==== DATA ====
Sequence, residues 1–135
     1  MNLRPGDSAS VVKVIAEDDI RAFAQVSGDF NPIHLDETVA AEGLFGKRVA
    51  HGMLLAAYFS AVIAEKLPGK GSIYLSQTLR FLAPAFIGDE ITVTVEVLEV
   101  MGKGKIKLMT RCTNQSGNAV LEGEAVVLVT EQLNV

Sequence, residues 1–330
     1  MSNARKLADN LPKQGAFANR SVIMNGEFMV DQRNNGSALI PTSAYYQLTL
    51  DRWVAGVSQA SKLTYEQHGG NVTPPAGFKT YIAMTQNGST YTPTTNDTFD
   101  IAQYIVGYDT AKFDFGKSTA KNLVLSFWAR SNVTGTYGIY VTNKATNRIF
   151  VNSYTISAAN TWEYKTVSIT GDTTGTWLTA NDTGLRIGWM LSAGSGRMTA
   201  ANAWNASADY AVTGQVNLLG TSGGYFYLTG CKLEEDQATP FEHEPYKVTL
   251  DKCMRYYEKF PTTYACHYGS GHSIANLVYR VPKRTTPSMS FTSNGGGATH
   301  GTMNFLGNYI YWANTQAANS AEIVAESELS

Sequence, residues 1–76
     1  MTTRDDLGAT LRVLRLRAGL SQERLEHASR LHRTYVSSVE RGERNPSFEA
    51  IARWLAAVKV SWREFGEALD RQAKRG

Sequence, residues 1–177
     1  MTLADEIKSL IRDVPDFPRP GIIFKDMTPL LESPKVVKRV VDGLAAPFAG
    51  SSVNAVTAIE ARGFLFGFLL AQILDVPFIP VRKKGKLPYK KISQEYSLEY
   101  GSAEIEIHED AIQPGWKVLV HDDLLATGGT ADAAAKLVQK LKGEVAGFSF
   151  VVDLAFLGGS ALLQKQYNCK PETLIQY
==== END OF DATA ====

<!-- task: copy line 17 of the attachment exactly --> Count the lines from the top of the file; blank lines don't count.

     1  MTLADEIKSL IRDVPDFPRP GIIFKDMTPL LESPKVVKRV VDGLAAPFAG